Professional Soldiers

Matthew Yglesias comes out against both mercenaries and the all-volunteer force on the grounds, “The defense of a democratic society should not be managed through market forces.”

I disagree with the premise that our military is essentially a mercenary force, motivated primarily by money. Indeed, going back at least to the time of Machiavelli, it has been understood that soldiers motivated by fealty to the nation are far superior to the mercenary*, who sells his loyalty to the highest bidder. While, certainly, volunteer soldiers have to be compensated at a higher rate than those who have no choice but to be there, most of those who choose to serve–and certainly to make a career of service–do so primarily for reasons of loyalty to the country, a sense of comradeship with their fellow soldiers, and a sense of duty. I’m continually amazed when I run into former colleagues who’ve stayed in the military, or other officers that I meet from time-to-time, how stunningly uncynical most of them are. The ones who choose to make a career of it are, by and large, a different breed than even those of us who served but got out after a short while.

While I’m not unsympathetic to the arguments for mandatory national service and grant that there are some philosophical reasons for wanting all to share the burdens of service, a conscript army is just impractical for modern times. Soldiering is an increasingly complicated business that takes years to perfect. Conscripts cycle through the system too quickly to be of much value. Samuel Huntington recognized half a century ago that the military is a profession in every sense of the word. That’s far more true today than it was then.

*I use the term in the traditional context–those who will go anywhere and kill anyone for money.

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James Joyner
About James Joyner
James Joyner is Professor and Department Head of Security Studies at Marine Corps University's Command and Staff College. He's a former Army officer and Desert Storm veteran. Views expressed here are his own. Follow James on Twitter @DrJJoyner.


  1. McGehee says:

    This reminds me of how someone, maybe Charlie Rangel, came out early in the GWOT ramp-up saying we need to reinstate the draft because (allegedly) an all-volunteer force wouldn’t be able to do the job.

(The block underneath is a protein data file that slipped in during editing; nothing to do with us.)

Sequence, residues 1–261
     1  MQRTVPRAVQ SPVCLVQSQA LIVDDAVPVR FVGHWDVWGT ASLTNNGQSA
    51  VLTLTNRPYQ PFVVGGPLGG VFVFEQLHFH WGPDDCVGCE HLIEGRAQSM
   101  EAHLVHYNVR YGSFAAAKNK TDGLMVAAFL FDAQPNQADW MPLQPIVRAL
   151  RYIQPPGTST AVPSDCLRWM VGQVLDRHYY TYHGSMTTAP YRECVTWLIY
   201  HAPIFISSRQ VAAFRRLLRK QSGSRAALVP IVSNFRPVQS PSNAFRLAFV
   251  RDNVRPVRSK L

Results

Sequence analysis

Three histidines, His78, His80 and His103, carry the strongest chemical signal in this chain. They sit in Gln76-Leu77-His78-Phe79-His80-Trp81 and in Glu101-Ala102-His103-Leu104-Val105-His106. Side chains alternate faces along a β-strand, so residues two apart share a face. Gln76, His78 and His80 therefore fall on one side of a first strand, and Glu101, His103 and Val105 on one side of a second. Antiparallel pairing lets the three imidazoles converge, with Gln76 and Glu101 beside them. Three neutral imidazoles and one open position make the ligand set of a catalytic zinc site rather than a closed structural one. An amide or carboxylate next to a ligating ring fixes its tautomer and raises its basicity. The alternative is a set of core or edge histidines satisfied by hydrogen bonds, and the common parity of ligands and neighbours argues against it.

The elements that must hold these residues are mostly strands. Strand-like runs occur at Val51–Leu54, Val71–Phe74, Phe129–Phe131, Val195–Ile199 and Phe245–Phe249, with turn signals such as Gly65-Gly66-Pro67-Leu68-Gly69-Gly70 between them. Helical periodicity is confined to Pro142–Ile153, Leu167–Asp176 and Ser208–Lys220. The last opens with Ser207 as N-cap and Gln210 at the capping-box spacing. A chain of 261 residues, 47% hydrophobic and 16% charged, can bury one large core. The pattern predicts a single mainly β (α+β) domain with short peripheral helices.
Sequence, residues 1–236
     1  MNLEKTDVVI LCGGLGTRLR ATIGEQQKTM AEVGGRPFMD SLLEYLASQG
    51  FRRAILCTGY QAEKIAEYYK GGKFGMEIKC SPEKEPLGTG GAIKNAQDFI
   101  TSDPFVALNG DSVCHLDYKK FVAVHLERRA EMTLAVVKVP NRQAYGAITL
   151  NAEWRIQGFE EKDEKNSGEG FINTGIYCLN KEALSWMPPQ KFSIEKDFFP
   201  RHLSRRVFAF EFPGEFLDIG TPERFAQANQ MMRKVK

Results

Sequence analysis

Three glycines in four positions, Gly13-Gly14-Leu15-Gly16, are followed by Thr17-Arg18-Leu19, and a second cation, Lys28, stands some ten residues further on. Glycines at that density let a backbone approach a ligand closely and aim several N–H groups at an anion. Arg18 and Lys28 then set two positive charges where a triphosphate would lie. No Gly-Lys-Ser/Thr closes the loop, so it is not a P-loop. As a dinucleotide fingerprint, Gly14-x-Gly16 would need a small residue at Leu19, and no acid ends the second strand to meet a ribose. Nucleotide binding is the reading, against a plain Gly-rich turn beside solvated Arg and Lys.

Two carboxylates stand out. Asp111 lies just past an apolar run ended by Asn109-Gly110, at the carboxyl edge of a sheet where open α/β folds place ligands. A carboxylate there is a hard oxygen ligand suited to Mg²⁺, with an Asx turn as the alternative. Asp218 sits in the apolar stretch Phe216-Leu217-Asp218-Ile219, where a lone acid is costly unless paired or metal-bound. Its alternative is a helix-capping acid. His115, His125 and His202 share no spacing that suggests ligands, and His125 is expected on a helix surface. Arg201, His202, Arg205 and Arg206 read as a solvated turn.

Maybe I’m just too cynical for words, but it does seem to make the anti-war types’ job harder when nobody is dragooned off the street and sent off to war by compulsion of law.

    Can’t turn Afghanistan or Iraq into “another Vietnam” — politically — without the draft.

  2. Delta Dave says:

    Hmmmm… I served for 20+ years in the Army. I was a volunteer, not a draftee. I didn’t consider money my motive for joining nor for staying…for at times during my career, military pay was so out of step with inflation, that I was living out of my saving account for several years.

    I believe I am fairly representative of those who serve … so maybe with serving in the military … it comes down to several tightly interwoven factors…1) enjoyment of the life, the responsibility, the challenge; 2) the feeling of making a contribution and a difference; 3) the comaraderie and belonging to a community of people dedicated to a purpose and cause worthy of sacrifice and commitment

    There are other reasons, but when your life is on the line, it suddenly become crystal clear some things are more important than others … and those important things are worth your life, if necessary.

  3. BigFire says:

    Re: McGehee

    Nah, Charles Ragel just want to disband the military as we know of it. He knew perfectly well that an army made of draftee in modern era cannot be send oversea.

  4. cas says:

    Mercenaries have traditionally looted whatever and wherever they could. The UCMJ pretty much eliminates that motive. As a 20 year veteran, I can guarantee that no one stays in the US military today to get rich! The factors that Delta Dave mentioned are much more common motivation factors as to why people serve.
    I believe Charlie Rangel was attempting to articulate the feeling of comradeship that even draftees feel when they become part of a unit, and saying that we need more of it. But our society has never been a big supporter of standing armies; it takes a long, protracted struggle, like the Cold War, (or the War on terror?) to force the American public to allow a universal draft. And now, wouldn’t it be both sons and daughters who were drafted?

  5. McGehee says:

    Mercenaries have traditionally looted whatever and wherever they could.

    Is anyone alleging that they Fallujah dead, or any of their co-employees, were looting?

    As for what Rangel was talking about, Cas, I don’t think you’re thinking of the comments that I was referring to.

  6. Dodd says:

    Just the kind of offensively patronizing thing only a sheltered, pampered liberal who knows he’ll never actually have to suffer the consequences should his “preferences” be enacted could say. Not to mention that, if “market forces” aren’t to be allowed as a factor (and they’re no more than that – a variable in the indovidual calculus that leads each of us who actually did serve to make the decision to do so), then the only thing left is slavery (that’s what forced labour is).

    I would say that that’s a shockingly il-liberal position to take, but the il-liberalism of American lefties, being now the essential core of their belief structure, has long since lost its ability to shock.